Racism in Northern Ireland
Today and tomorrow members of the United Nations are meeting to discuss the issue of racism, and look at progress made since 2001, when the Durban Declaration was agreed. From a Northern Irish perspective, it is important that Ireland and the UK endorse the draft text, based upon much compromise, to ensure institutional commitments are made to combat an increasing problem.
Events surrounding the recent Northern Ireland v Poland football match have been illustrating the need for action to combat racism. Since the riots on the day itself, a campaign against ethnic minorities in the Village area of Belfast, close to the original trouble, has led to over forty people leaving their homes. Five have left Northern Ireland outright.
The reaction has been, in some quarters, denial. Ulster Unionist Bobby Stoker challenged the figures by understating the number of people who had presented themselves as homeless to the Housing Executive. He failed to condemn without qualification the campaign of racial violence, mirroring Sinn Féin’s years of failure to condemn sectarian violence.
A worrying aspect of the trouble was the perceived identification of Polish migrants with the republican “enemy”, a word still used by the First Minister, Peter Robinson. This development raises institutional segregation of loyalist and immigrant communities.
As most Polish immigrants claim Catholic heritage, their children will be educated separately from Protestant Northern Irish children. The contribution of separation to creating an ‘other’, thus increasing the incidence of violence should not be underestimated. The sectarianism that was allowed to thrive in segregated education should not be permitted to evolve into racial hatred. Nor should the fact that most racist crime takes place in loyalist areas exclude republicans from promoting full participation in society.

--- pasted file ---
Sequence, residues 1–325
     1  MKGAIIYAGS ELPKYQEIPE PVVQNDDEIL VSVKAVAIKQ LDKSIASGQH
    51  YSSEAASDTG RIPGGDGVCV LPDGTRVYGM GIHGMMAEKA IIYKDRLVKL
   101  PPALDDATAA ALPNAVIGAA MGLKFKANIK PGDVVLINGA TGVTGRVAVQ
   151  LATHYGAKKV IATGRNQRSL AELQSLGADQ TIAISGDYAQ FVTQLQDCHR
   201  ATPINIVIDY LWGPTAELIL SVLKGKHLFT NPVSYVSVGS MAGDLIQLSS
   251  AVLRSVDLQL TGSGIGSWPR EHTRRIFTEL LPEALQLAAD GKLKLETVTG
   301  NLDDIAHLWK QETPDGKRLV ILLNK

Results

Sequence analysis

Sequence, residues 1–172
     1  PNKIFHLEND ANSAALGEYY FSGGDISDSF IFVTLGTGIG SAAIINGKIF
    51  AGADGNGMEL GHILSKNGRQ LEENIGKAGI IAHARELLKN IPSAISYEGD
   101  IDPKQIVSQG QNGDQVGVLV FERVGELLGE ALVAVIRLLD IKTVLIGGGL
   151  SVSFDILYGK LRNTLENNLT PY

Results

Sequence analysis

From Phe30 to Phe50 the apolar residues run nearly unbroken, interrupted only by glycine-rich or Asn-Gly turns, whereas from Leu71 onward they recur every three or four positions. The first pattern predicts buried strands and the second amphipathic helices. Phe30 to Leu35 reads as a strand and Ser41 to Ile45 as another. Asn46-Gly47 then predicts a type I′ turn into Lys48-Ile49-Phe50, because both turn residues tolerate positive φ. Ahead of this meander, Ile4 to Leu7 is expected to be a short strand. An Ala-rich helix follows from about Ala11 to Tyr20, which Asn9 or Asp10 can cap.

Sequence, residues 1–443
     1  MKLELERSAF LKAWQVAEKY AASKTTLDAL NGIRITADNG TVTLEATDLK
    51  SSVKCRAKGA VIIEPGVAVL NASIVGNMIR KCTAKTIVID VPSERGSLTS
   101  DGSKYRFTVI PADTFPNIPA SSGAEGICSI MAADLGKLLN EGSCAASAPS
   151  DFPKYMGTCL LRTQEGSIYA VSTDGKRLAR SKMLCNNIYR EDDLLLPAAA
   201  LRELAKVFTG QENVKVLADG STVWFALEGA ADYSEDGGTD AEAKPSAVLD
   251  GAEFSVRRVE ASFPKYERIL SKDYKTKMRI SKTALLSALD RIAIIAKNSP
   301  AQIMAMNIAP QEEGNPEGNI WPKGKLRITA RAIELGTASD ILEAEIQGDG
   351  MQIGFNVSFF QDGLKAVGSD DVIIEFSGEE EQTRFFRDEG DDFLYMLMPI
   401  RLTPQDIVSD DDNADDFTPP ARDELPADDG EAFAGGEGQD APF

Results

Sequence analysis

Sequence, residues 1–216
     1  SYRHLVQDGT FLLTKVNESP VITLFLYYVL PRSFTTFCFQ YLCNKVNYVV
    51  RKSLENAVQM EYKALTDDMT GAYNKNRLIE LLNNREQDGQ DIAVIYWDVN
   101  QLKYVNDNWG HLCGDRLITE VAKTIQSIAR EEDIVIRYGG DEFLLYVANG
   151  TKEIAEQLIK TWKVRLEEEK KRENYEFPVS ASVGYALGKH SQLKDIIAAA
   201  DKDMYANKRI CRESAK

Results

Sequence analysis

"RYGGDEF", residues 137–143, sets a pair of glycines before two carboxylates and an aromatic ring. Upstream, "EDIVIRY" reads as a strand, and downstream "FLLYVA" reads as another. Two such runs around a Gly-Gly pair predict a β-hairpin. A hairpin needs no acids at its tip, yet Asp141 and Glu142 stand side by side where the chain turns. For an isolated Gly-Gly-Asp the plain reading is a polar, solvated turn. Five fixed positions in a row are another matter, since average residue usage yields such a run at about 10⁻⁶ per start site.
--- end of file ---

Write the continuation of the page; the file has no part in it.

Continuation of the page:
This conflagration also impacts upon the response of the justice system to racially-motivated hate crime. The most recent figures show that only a third of members of a minority group considered the PSNI not to be racist; more worryingly, those who had had contact with the PSNI were more likely to consider it racist than those who had not. As the number of incidents recorded as racially-motivated rose from 226 in 02/03 to 976 in 07/08, it is essential that everyone has confidence in the PSNI to deal with racism as effectively as possible.
Bearing in mind the 976 racist incidents recorded, in the same period the Public Prosecution Service received 114 files from the PSNI which it considered to have been aggravated by racial hostility. This led to 77 summary prosecutions and 11 indictable prosecutions. There are, inexcusably, no figures available for convictions.
Race relations in Northern Ireland are in the remit of the Office of the First Minister and Deputy First Minister. Neither have commented on increasing race problems in recent times. In 2006, there was an annual plan for implementation of the Racial Equality Strategy – nothing has been published since devolution was restored to Stormont. In July 2007, a debate was held on the issue, proposed by the single Member of ethnic minority origins, Anna Lo. Closing, a Sinn Féin MLA said “Direct rule Ministers, although talking about this issue, may not have delivered much”, and the Assembly agreed on “urgent action.” Thus the issue was closed until the present day, not even registering in the evolution of the Shared Future Strategy into the Programme for Cohesion, Sharing and Integration for a Shared and Better Future, clearly named to capture the attention of the public and journalists alike.
There was a good report published in January by the Equality Commission.
There is a lack of confidence that the police is not racist. The justice system fails to prosecute the vast majority of racist criminals. Ministers, when not suggesting discrimination against foreigners, have little interest in the issue. Yet, in 07/08. there were three quarters as many racial crimes as sectarian crimes. The nature of hate crime is shifting and the institutions are not keeping pace. We can only hope that, once again, the population is ahead of its leaders.